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Posted: Tuesday, May 1, 2012 6:32 pm | Updated: 7:55 pm, Sat Jun 22, 2013.

With this month signaling the end of another school year, 55-year-old Sharon Connell now has put 33 years in the books as an educator, including the last 31 years at Lonedell R-XIV.

The longtime teacher has one more year to go as she said the 2012-2013 academic year will be her last. But, she said retirement isn’t necessarily the best thing for her.

Connell is Lonedell School’s Title I teacher and works with pupils in different grades on an individual or small-group basis. It’s a job she loves and really isn’t ready to give up, but changes to the teacher retirement system in Missouri have made that decision for her.

“This is the perfect job for me,” Connell said one recent day shortly after she worked with three kindergartners — Carter Short, Jayden Fitzgerald and Abby Tharp — on recognizing sight words. “In fact, I think I have the best job.

“Don’t get me wrong, I loved having my own classroom, but this is great. I get to work with kids one on one or one on two.

“You get to teach. You get to help. But with what I get to do, you get to be able to spend the individual time with the kids to reinforce the learning.”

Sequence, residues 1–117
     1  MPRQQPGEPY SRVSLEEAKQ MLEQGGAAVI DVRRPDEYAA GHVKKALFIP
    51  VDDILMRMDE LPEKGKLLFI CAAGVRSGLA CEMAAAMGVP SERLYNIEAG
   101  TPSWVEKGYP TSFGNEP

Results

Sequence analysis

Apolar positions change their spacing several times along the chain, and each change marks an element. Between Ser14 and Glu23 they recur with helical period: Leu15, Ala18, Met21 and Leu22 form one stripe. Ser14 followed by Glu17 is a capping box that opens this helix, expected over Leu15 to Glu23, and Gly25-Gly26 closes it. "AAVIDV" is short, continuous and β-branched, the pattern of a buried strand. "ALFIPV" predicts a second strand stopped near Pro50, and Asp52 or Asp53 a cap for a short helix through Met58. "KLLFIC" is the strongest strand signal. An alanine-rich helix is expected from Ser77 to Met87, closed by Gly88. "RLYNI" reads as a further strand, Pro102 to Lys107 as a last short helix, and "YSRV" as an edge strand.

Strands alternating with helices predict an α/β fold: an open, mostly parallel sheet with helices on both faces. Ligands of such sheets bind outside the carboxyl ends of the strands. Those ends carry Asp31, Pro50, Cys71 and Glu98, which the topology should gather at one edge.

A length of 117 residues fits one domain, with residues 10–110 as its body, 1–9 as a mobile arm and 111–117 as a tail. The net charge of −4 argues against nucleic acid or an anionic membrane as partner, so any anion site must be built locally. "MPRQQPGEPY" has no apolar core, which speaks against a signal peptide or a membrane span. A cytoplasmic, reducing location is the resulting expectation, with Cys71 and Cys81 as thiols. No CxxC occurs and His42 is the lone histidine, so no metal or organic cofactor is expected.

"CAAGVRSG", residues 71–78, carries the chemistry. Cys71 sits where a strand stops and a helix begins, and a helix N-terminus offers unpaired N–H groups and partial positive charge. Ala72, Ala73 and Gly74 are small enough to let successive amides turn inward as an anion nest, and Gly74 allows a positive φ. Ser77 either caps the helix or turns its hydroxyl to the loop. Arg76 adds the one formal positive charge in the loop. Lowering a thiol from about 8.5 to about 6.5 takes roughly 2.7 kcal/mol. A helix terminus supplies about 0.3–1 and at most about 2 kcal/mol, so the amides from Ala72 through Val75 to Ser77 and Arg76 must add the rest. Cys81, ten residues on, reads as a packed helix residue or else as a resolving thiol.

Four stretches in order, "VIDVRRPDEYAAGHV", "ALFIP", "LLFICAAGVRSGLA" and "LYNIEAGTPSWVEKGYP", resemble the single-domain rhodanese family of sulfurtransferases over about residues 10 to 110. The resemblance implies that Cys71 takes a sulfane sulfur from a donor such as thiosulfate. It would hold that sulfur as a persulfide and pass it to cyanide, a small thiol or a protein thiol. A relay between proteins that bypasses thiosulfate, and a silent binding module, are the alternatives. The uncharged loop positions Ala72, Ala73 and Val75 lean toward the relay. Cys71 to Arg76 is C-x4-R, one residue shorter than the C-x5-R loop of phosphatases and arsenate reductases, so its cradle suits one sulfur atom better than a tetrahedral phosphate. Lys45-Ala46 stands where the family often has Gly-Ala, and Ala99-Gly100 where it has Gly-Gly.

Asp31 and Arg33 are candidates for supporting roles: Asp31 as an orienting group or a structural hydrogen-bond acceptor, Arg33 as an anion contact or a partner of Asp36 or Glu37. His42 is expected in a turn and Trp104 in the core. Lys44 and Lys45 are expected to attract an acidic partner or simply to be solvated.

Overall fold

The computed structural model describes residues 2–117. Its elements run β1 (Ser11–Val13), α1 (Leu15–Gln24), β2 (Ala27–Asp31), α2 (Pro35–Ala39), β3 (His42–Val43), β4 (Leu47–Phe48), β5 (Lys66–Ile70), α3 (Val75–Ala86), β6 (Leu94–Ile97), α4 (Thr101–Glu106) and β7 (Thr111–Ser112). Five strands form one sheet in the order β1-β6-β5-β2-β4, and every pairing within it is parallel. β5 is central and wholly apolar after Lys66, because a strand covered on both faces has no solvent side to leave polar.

Making the job even better are two other factors. Connell loves to read and she loves the Lonedell R-XIV School District.

“I’m an avid reader, that’s for sure,” she said. “So getting to help students with reading is the best thing there is. Teaching kids to love to read is what I’m all about. I try to do that by showing them how neat it is, how fun it is.

“It’s all about the excitement of reading. When you can tell a kid is excited about reading, how great is that?”

Connell said one of her favorite things is when students come up to her and ask her to read their shirt. She said sometimes the youngsters wear special shirts just so she can read them.

“That’s excitement about reading,” she said. “I’ve also had students come to me and tell me I have to read this certain book. They’re engaged in the reading process. They enjoy it. They want to do it. That’s what it’s all about.”

Getting to do her job in Lonedell makes it even more special for her.

“I love this school, these people,” she said. “A smaller school setting like this is perfect.

“I recommend to anyone going into education to work in a smaller school. Lonedell is like a family from top to bottom. We all know each other.

“After all these years, I still love coming to work here every day. We have a great little school here.”